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Architecture - Under the Hood

This section describes the inner workings of HighFlux, specifically how it's interacting with git and GitHub.

HighFlux uses git for all its storage and networking. None of your source code ever gets sent to HighFlux-controlled servers, only to the remote repository that was already part of your git setup.

General architecture of the HighFlux desktop application

The HighFlux desktop application is a Rust program built using Tauri.

The HighFlux main binary contains the following components:

The HighFlux daemon

The HighFlux daemon runs in the background, watches file changes on the git repositories you specify, and processes those changes. (see How HighFlux uses git for storage and networking below) The daemon is automatically started together with the desktop app.

If you use the command line interface, the daemon receives those, handles them and returns the results to the CLI.

CLI interface

The HighFlux binary has a modern command line interface. Type :

hf --help

to explore it.

How HighFlux uses git for its underlying storage and networking

The 'current WIP' and storage branches

Under the hood HighFlux keeps a git branch for every WIP you have.

When you work on a WIP, HighFlux creates a branch called current-wip/XX-123-[your wip title], and this branch points to the commit of trunk that you're working off of. While you work on your code, HighFlux synchronizes all changes to a commit on the "storage" branch, which looks like wip/XX-123.... That branch is also periodically pushed to your remote git repository (usually hosted on GitHub, GitLab and the likes).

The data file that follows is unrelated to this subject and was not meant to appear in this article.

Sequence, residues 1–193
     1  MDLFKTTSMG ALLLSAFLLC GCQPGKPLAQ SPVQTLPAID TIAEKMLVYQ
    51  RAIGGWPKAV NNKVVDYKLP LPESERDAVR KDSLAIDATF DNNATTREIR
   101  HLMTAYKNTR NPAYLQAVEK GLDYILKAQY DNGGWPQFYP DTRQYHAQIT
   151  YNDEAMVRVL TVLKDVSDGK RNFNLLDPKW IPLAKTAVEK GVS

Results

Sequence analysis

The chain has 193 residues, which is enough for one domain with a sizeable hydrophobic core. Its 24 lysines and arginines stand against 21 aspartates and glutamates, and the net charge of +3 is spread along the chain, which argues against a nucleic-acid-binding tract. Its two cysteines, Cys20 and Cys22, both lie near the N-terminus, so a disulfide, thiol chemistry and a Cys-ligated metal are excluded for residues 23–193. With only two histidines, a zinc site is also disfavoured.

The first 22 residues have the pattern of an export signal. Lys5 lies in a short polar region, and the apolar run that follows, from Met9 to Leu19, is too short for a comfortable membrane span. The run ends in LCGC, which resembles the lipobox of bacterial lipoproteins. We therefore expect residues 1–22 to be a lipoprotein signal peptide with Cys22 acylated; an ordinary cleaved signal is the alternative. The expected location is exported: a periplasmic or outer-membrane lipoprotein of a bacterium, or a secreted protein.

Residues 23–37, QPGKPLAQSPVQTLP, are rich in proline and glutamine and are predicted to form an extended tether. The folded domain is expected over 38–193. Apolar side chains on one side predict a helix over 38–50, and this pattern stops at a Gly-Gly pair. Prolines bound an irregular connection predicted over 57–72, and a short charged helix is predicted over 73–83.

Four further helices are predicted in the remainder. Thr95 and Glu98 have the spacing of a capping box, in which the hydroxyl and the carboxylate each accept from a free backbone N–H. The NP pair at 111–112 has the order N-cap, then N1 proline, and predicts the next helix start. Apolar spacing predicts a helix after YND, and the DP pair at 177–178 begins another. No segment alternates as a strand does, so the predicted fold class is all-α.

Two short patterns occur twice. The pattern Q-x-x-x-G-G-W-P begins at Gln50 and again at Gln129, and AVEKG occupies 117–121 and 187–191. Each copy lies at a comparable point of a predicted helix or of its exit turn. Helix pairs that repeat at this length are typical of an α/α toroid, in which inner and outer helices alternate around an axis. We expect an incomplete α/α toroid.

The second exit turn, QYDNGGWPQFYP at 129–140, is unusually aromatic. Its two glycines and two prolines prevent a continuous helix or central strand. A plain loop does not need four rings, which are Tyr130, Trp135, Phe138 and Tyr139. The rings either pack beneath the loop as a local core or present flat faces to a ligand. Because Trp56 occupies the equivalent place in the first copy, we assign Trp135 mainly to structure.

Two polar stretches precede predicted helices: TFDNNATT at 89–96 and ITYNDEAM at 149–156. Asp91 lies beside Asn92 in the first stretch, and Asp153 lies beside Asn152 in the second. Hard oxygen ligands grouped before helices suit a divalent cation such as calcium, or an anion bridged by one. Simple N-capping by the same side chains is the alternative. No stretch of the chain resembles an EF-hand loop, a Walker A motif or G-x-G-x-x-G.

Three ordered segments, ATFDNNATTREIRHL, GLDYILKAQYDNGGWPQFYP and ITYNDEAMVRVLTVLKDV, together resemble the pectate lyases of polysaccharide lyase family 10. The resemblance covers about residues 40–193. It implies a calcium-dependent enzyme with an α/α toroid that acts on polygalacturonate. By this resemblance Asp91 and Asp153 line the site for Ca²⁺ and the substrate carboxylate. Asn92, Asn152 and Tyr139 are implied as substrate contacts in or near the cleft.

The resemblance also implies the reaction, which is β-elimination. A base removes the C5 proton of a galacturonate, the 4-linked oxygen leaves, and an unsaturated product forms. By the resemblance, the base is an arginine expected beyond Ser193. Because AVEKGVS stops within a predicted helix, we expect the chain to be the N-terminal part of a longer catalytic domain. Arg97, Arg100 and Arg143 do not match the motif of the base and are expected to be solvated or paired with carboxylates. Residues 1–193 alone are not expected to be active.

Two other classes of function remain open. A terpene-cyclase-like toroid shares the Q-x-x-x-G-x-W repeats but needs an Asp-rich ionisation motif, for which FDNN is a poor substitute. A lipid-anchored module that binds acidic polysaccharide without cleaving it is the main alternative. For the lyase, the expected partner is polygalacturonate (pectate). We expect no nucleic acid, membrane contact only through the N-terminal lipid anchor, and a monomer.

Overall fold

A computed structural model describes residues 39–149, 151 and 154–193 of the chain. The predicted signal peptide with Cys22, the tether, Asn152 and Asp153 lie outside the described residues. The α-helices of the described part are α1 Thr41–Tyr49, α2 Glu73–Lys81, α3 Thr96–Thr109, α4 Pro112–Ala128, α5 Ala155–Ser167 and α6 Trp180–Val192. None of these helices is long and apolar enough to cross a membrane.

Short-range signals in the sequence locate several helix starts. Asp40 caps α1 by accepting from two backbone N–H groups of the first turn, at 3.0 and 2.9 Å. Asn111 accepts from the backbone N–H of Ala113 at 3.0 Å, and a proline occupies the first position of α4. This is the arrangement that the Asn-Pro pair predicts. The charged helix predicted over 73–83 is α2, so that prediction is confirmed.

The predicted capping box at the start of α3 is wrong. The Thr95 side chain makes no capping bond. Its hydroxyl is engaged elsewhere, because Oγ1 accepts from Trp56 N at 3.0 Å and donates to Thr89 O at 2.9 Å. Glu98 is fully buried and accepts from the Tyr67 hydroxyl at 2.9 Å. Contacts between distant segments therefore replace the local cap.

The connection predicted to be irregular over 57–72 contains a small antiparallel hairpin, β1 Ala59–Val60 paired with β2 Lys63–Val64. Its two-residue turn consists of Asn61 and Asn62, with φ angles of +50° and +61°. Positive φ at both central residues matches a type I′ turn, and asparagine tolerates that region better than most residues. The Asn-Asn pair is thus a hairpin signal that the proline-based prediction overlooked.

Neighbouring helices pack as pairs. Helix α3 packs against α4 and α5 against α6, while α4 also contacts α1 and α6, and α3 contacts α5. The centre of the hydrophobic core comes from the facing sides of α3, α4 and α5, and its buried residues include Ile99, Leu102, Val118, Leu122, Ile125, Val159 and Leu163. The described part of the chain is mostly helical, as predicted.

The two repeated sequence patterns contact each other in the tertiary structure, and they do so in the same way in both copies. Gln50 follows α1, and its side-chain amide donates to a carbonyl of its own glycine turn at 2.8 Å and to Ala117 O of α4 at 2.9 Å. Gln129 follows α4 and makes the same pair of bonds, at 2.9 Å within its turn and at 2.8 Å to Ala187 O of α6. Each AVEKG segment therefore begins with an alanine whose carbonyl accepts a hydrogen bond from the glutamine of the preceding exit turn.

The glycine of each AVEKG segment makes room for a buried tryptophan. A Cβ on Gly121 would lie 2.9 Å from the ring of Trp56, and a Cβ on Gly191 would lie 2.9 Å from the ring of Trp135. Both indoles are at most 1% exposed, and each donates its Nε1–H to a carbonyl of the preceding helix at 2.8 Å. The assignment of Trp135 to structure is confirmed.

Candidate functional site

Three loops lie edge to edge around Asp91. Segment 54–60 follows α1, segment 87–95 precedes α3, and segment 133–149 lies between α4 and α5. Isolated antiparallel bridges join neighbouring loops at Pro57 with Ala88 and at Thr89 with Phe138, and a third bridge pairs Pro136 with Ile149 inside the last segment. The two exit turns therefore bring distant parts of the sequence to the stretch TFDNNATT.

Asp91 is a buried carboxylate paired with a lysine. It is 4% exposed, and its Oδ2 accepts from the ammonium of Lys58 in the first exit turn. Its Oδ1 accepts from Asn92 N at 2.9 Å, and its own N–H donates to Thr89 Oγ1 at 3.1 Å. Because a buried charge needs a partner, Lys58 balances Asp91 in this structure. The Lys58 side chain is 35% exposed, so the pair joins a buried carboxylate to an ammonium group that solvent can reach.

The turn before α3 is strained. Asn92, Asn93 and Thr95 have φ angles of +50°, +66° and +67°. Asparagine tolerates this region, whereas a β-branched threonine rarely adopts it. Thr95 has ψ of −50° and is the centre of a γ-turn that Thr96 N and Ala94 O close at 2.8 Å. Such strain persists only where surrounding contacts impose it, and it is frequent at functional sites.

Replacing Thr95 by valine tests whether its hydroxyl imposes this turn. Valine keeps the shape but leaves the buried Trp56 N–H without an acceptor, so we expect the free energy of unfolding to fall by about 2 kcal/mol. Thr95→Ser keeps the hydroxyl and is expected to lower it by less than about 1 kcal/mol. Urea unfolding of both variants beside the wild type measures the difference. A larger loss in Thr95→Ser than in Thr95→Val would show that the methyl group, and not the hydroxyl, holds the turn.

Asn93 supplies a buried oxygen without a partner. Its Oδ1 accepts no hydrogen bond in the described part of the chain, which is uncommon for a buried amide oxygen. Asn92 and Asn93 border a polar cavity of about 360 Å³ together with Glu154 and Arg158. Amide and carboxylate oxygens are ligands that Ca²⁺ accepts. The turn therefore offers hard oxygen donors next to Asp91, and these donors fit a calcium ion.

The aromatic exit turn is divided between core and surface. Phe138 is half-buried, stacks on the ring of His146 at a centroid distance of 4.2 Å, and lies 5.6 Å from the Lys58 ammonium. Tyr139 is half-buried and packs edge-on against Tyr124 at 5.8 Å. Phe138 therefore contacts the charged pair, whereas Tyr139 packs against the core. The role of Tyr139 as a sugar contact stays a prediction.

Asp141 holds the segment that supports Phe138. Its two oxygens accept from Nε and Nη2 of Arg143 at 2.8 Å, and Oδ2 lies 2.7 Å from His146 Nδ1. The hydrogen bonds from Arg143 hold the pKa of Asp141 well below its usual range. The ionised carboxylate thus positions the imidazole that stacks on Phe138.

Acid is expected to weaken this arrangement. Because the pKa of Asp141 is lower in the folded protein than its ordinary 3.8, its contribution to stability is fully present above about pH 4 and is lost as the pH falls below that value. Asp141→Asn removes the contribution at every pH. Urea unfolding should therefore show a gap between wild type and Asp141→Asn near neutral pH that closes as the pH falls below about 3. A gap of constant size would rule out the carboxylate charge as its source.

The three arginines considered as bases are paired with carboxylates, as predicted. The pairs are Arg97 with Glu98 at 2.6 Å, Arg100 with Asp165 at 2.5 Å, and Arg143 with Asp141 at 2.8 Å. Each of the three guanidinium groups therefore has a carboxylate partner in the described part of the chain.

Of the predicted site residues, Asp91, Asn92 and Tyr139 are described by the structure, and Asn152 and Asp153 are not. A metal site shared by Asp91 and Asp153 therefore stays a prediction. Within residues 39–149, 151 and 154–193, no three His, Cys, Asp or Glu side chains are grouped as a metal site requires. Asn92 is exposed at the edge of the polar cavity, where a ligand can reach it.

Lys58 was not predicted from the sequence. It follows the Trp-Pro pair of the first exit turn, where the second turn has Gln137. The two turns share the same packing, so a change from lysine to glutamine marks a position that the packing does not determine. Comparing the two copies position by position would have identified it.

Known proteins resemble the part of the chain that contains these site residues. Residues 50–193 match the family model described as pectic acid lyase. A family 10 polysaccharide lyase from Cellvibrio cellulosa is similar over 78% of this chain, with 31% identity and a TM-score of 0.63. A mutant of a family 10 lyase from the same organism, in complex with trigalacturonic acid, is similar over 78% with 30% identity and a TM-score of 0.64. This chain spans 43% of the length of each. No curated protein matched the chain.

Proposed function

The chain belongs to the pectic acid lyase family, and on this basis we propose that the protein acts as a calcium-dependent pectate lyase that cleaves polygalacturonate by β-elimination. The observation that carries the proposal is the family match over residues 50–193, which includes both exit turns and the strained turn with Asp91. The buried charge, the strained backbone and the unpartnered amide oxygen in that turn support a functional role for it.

After you save a change to a file in your repository:

  1. The HighFlux filesystem monitor detects the changed file
  2. HighFlux adds the file to the storage branch and commits the storage branch.
  3. After a few seconds, HighFlux pushes the storage branch to your remote git repository.
  4. HighFlux adds and stages the file on your 'current-wip' branch.

As you can see, the 'current-wip' branch is never pushed to the remote repository. Thus only the storage branch will be visible on your remote git repository.

The reason HighFlux has a 'current-wip' branch and a storage branch, is to support traditional git tools better. If HighFlux had only the storage branch on which you would work while auto-committing all your changes, your IDE can't show you which lines are changed compared to the current commit, HEAD is then always the same as your current state etc. With the current setup, Intellij and VS code show your open changes and modified files as usual and you can do git diff HEAD to get the diff, etc.

HighFlux ensures that whenever you work on a WIP, your current git branch is always set to the 'current-wip' one while the files on disk are set to the latest committed state of the storage branch.

The code review branch

When you create a code review, HighFlux creates a branch called review/XX-123 and places all of the changes made on the current WIP there. You could then send this branch to your reviewers using your favorite code review tool. Once you get suggestions for changes from your peers, you implement them regularly on your current WIP. When you’re ready to send the reviewer another version for review, the “Update Review” UI action, or the hf review update, causes all of the changes you made to your WIP since the last time you “updated” the review or “created” it, to be applied to the review-branch as a single commit.

(You can also open a code review on your WIP storage branch, which will then make it hard for the reviewer to track what happens between different rounds of the review, as the commit on the storage branch keeps getting rewritten).